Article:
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I am using the singleton pattern in a wpf app, but having doubts about how to make it work with multiple threads.

I have a class called Monitor which maintains a list of "settings" to watch, for different "devices". Outline shown below.

On my main thread I am doing Monitor.getMonitor.register(watchlist) or Monitor.getMonitor.unregister(...) depending on the user input and I have a DispatchTimer running every 200ms that does a Monitor.getMonitor.update()

public class Monitor
{
    private Hashtable Master; //key=device, value=list of settings to watch
    private static Monitor instance = new Monitor();
    private Monitor() {}
    public static Monitor getMonitor() 
    {
        return instance;
    }
    public void register(watchlist){...}
    public void unregister(...){...}
    public void update(){...}

}

register()/unregister() perform add/remove to the hastable. update() is only reading stuff out of the hashtable.

Depending on the number of devices and settings, update() is going to be iterating over the hastable and it contents, getting the latest values. The main thread maybe calling register and unregister quite often and I want the gui to stay responsive. Whats a good way to do this?

Do I lock the hashtable, around add/remove and iterate, OR just surrond the iteration part in update with a try catch (ala gracefully fail) to catch any weird state the hashtable might get into(no locking) or is there some better way to do this (if update fails no prob..its going to be running in 200ms again anyway).

Not very sure about what is going on, cause the code as is hasnt really shown any problems which itself is making me a bit uneasy cause it just seems wrong. Thanks for any suggestions...

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3 Answers 3

up vote 11 down vote accepted

See my article on singleton implementations to make the singleton fetching itself threadsafe.

Yes, you'll need to lock when you modify or iterate over the hashtable. You could use a ReaderWriterLock (or preferrably ReaderWriterLockSlim in .NET 3.5) to allow multiple readers at a time. If you need to do a lot of work while you're iterating, you could always lock, take a copy, unlock, and then work on the copy - so long as the work doesn't mind the copy being slightly stale.

(If you're using .NET 2.0+, I'd suggest using the generic collections such as Dictionary<TKey, TValue> instead of Hashtable. I'd also suggest you rename your methods in line with .NET conventions. That code's got a distinct Java accent at the moment ;)

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Nice mention of ReaderWriterLockSlim. Hadn't seen that one yet. –  Joe Jun 9 '09 at 20:01
    
Wow that was fast. Thanks for the response. Just to try and understand this a bit better could you please elaborate on that italicized 'or'? I am using 3.5, And thanks for the reminder on .NET conventions, this is kind of a one man project so been slacking off in that dept. –  Sharun Jun 9 '09 at 20:15
    
@Jon Nice article on Singletons too. I was aware of the Java double check locking issue, but wasn't aware of creating a Singleton with a nested class- is that definitely the best technique? CLR via C# has a much simpler technique that I believe achieves the same thing. –  RichardOD Jun 9 '09 at 20:25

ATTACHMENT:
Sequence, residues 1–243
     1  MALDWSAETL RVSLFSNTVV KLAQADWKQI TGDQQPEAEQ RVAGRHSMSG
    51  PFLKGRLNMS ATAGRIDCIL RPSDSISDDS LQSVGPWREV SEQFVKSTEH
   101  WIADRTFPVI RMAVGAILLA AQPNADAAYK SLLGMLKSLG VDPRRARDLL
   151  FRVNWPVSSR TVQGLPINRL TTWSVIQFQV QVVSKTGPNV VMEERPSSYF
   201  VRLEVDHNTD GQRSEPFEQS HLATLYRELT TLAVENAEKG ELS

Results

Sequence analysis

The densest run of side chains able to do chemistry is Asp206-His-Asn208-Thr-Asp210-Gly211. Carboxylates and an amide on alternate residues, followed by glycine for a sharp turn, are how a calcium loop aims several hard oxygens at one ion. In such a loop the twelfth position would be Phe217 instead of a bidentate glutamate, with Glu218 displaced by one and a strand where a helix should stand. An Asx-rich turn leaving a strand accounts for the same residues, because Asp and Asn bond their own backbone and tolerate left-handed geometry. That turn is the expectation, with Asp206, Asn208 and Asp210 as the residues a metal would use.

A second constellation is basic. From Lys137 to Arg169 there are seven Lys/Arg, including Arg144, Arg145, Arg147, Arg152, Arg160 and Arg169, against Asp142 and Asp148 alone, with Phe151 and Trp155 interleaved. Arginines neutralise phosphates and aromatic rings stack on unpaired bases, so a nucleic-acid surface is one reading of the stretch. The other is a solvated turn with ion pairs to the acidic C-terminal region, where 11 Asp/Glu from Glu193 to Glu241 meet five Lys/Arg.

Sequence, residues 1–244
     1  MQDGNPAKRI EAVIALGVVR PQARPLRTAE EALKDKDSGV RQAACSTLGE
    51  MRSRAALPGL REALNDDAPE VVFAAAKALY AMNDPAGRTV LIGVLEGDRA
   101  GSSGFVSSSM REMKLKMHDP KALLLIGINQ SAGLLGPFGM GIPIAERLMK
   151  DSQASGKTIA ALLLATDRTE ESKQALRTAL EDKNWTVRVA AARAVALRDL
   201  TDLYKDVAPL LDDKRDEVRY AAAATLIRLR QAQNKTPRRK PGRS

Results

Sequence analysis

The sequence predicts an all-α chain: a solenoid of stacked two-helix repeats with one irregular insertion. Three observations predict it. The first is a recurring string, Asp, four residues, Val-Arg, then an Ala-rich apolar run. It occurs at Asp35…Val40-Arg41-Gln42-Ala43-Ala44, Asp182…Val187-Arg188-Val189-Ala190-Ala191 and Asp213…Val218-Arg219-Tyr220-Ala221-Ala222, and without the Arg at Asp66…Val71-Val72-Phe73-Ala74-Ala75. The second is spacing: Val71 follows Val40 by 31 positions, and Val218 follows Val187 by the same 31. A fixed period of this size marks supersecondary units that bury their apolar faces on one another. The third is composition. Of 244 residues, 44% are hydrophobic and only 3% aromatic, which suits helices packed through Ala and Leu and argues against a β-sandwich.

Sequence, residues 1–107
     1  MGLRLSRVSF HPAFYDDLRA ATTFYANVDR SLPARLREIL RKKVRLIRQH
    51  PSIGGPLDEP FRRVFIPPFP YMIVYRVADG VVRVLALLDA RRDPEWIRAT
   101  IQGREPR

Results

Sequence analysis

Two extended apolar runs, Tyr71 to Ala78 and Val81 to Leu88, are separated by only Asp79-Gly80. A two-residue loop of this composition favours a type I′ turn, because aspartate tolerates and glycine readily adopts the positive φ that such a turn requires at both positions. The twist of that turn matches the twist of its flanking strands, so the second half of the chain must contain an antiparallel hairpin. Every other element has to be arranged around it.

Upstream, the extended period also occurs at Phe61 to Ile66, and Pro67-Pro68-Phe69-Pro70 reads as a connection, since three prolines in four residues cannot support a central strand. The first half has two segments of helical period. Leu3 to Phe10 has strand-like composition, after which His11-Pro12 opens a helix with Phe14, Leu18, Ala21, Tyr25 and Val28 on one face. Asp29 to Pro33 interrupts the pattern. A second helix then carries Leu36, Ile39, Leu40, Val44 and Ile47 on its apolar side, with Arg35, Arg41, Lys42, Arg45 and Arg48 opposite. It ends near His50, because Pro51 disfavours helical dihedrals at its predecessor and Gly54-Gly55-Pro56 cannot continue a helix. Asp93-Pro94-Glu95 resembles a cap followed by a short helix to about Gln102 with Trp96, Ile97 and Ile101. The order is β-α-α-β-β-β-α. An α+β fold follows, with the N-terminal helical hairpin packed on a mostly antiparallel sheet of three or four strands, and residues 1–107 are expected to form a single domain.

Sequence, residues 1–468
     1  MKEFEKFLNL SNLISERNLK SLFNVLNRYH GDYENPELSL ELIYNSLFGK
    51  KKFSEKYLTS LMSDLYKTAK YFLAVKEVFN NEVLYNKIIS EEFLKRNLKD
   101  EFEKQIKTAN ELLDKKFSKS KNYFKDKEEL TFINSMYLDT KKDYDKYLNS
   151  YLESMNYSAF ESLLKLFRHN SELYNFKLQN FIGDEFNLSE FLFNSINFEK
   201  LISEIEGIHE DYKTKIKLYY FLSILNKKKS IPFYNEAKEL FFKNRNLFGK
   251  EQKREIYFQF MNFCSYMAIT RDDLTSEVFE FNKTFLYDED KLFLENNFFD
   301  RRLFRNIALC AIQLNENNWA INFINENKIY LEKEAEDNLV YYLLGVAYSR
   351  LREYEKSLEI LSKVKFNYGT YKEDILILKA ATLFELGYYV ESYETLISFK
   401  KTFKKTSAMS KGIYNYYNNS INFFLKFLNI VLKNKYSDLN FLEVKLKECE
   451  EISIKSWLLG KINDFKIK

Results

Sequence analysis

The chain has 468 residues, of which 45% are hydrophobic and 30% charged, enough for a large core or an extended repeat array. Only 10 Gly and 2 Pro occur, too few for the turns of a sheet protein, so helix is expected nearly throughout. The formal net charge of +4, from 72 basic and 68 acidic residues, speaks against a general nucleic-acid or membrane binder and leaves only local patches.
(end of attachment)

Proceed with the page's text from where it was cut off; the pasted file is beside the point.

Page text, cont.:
@Jon- I've just read the 4th method again. It seems your best technique assumes other statics members within the class. Having those seems highly unlikely though? –  RichardOD Jun 9 '09 at 20:28
    
@Klerk: you will need to take a reader lock when reading from the hashtable; you can have several such locks at the same time. You cannot get a writer lock if there is an active reader lock, and the other way around. There can be only one active writer lock at a time. In that way you can guarantee that the data does not change while you are reading from it, and that only thread at a time can write to the hash table. –  Fredrik Mörk Jun 9 '09 at 20:29

Yes, you should lock each operation:

 public class Monitor
 {
     private Hashtable Master; //key=device, value=list of settings to watch
     ...
     private object tableLock = new object();
     public void register(watchlist) 
     {
         lock(tableLock) {
             // do stuff
         }
     }
 }

You shouldn't consider using a try/catch block - exceptions shouldn't be considered as a "normal" situation, and you might end up with a corrupted object state without any exception.

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Thanks for the quick reply! –  Sharun Jun 9 '09 at 20:16

How many rows are there? Unless the update() loop takes a long time to do the iterations, I'd probably lock. If the main thread is potentially doing a lot of register/unregister calls, then update might fail repeatedly -- if it fails for 20 or 30 consecutive calls, is that a problem?

That code looks ok to me. I'd probably make the class sealed. I'd also use a typed dictionary vs. a Hashtable.

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Update time generally isnt much but there is an ocassional chance that there is a big delay as there is a network request involved. And update failures are acceptable. But you have raised another issue, if the update takes longer than the 200ms I have no idea what is going to happen if a second call to update happens when the first one hasnt completed. <sigh> –  Sharun Jun 9 '09 at 20:21
    
@Klerk, the simplest solution would be to have a guard check at the top of the loop method that will immediately execute if it hasn't completed the previous call. This means you could end up skipping intervals, but if that's ok, then it's fast, easy, and foolproof. –  Michael Meadows Jun 9 '09 at 20:35

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